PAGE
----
Assuming Trump follows through and that Barrett is appointed, it may help the President, at least a little. The "win" would excite his base and, more importantly, some of the "hold your nose and vote for Biden because you're also voting for the Supreme Court" voters might just skip the election. On the other hand, the "suburban women" that the two parties are fighting over will not be happy about a justice who might vote to overturn Roe v. Wade (which Barrett, a self-described "very orthodox Catholic" would probably do). So, this might blow up in the President's face, even if things go exactly as he wants.

If Trump does move forward with a nomination (the odds of which are surely above 99%), getting Barrett (or anyone else) confirmed before November 3 is going to be a tall order. The problem here is the Senate Republican caucus. Quite a few of them are facing tough reelection campaigns this year, or will be in 2022. They know that their opponents will turn "How come it's one set of rules for Democratic presidents and another set for Republicans?" into a weapon, and that the seeming hypocrisy therein could be very damaging. Already, four Republican senators have said they would not be willing to vote on a new justice before the election: Susan Collins (ME), Lisa Murkowski (AK), Chuck Grassley (IA), and Lindsey Graham (SC). Note that they all said this weeks or months before Ginsburg died, so they were speaking only hypothetically. Now that the rubber has hit the road, and the arm-twisting will be intense, they could change their tunes. On the other hand, it wasn't that hypothetical; Ginsburg's poor health was well known. Further, there may be other members leery of playing with fire—Thom Tillis (R-NC), or Cory Gardner (R-CO), or Dan Sullivan (R-AK). Assuming the Democrats stick together, all it takes is four Republicans to foil McConnell.

One possible solution for the Majority Leader would be to wait until after the election. That would insulate the senators who are up this year, and would observe the Biden Rule. However, if Donald Trump loses, then he would be a lame duck, and McConnell would have to twist himself into pretzels explaining why the McConnell Rule doesn't apply. The Majority Leader has no problem with that; if the game Twister was an Olympic event, he'd win the gold medal. But the vulnerable 2022 senators might not be excited to play along. Further, Trump would go on a months-long rampage if the Senate refused to consider his nominee immediately.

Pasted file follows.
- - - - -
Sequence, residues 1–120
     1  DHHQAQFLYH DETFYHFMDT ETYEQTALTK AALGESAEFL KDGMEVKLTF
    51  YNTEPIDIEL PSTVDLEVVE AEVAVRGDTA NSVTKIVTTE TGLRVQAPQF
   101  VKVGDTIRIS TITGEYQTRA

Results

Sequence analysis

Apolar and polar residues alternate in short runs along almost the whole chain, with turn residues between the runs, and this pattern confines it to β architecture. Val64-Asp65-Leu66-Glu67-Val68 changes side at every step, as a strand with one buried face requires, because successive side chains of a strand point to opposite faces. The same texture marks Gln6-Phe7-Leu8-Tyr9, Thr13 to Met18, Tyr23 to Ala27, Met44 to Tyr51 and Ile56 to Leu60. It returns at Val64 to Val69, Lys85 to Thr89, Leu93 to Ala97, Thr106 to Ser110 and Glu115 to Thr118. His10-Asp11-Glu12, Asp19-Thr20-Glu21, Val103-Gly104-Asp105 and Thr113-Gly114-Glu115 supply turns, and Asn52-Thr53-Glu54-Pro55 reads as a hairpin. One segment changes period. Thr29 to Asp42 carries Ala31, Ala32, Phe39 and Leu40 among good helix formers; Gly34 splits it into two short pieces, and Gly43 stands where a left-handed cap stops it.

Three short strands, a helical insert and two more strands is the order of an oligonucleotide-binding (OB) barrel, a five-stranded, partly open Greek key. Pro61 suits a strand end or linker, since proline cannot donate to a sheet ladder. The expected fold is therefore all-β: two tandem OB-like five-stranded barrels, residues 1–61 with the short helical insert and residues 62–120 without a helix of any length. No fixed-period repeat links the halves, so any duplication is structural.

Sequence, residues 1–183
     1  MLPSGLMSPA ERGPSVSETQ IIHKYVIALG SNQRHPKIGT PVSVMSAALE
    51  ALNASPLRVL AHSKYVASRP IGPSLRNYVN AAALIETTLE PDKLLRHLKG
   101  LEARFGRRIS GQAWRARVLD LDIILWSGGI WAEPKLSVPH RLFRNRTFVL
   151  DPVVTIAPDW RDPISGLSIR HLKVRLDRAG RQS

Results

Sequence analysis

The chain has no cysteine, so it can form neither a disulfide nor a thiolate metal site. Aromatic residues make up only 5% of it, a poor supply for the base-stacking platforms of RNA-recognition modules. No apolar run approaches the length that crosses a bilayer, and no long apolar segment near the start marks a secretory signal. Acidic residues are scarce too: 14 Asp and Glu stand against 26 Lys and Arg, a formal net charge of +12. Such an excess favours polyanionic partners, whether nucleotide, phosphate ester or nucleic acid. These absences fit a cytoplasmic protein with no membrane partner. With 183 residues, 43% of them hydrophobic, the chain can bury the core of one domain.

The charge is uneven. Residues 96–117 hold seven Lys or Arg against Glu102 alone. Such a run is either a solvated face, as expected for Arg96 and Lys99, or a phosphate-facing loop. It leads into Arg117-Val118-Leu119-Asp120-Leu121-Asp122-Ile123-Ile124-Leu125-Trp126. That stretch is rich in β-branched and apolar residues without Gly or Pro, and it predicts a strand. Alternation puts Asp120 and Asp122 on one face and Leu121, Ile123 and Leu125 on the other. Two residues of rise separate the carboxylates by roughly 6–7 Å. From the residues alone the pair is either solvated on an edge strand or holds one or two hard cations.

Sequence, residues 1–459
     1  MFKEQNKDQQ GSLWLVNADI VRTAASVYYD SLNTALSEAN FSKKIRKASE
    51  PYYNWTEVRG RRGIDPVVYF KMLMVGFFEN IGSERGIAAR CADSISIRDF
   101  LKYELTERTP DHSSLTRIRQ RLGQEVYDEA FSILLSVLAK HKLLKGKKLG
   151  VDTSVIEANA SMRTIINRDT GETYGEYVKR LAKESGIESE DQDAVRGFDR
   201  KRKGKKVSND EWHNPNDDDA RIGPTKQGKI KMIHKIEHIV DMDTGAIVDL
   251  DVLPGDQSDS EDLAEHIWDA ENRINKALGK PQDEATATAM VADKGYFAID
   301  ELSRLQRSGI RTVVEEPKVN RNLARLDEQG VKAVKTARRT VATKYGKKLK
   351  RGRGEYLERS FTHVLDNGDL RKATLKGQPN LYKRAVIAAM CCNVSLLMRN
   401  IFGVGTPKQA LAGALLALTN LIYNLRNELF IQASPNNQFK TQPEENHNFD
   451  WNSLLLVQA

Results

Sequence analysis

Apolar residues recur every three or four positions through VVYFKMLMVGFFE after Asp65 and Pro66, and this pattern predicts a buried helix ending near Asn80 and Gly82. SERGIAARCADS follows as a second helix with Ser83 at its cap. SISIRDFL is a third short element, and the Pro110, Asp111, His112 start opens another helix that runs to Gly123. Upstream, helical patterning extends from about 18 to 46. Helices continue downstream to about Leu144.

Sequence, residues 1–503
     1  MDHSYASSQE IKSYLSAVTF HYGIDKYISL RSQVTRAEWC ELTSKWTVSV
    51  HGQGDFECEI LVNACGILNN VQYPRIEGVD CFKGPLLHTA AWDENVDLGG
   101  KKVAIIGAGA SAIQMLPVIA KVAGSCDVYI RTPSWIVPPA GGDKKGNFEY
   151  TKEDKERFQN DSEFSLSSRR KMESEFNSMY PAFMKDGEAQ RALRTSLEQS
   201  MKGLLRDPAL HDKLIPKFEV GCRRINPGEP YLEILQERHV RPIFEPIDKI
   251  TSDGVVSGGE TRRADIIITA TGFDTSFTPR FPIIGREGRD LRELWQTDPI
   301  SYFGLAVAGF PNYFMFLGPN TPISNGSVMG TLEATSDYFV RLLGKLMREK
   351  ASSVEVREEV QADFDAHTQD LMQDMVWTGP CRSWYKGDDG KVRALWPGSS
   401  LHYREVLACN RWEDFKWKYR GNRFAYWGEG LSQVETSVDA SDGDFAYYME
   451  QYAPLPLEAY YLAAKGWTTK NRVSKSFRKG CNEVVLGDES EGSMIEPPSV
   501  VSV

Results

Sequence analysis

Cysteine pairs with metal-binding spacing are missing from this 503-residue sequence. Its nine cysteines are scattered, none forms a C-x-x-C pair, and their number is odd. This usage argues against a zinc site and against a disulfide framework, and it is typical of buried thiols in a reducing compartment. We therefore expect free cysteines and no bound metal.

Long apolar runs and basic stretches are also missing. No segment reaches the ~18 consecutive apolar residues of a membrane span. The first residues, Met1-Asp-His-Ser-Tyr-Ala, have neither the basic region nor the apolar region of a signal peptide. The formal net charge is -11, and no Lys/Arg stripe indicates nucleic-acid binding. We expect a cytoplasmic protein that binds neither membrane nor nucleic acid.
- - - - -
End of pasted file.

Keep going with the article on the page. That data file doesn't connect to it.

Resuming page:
But if McConnell waits until after the election, there is another problem he has to consider. Mark Kelly is leading Sen. Martha McSally (R-AZ) by close to 10 points. He is the likely winner there. One feature of note here is that technically, this is a special election to fill out the rest of John McCain's term. As a consequence, it is possible that if Kelly wins, he could be sworn in as early as Nov. 30, giving McConnell even less room to maneuver if he waits until after the election to have the Senate vote.

There is one other possibility for McConnell we will note. He could bring up the nominee before the election, but give three vulnerable senators (say, Collins, Tillis, and Graham) permission to vote "nay." Though we mention this possibility, we don't think it's a great option politically, because it walks a very fine line, and vulnerable members who don't get to vote "nay" may be upset. Further, a Supreme Court justice who is approved by virtue of a vice-presidential tiebreaker is going to be somewhat wanting in the legitimacy department. And finally, someone like Collins is trying to keep both pro-Trump and moderate voters in the fold. She really doesn't want to cast any vote, since she's more likely to lose support than gain it no matter what side she comes down on.

So, that is the calculus on the Republican side, as we see it. Now let's talk about the Democratic side. Broadly speaking, the Party—from Joe Biden on down—has to figure out very quickly how aggressively they want to go with this. Do they want to play hardball, while also promising radical reforms like court packing? That would please many Democrats, but might scare away moderates and Never Trump Republicans. Or, do they want to just stick with criticism of Trump, McConnell, and the process, without taking or promising any affirmative action of their own? That will keep the moderates on board, but could infuriate a lot of Democratic loyalists, especially on the left.

In terms of specific options the Democrats have before them, we can see four:

  • Compromise: This is probably a little Pollyanna-ish, but we're trying to be comprehensive here. A sixth conservative justice is not quite as important as a fifth to McConnell, or to Trump. Meanwhile, McConnell is looking at the possibility of his party losing the White House, and possibly also the Senate. There may be a deal to be made here, along the lines of "We won't kill the tax cut if you honor the McConnell Rule."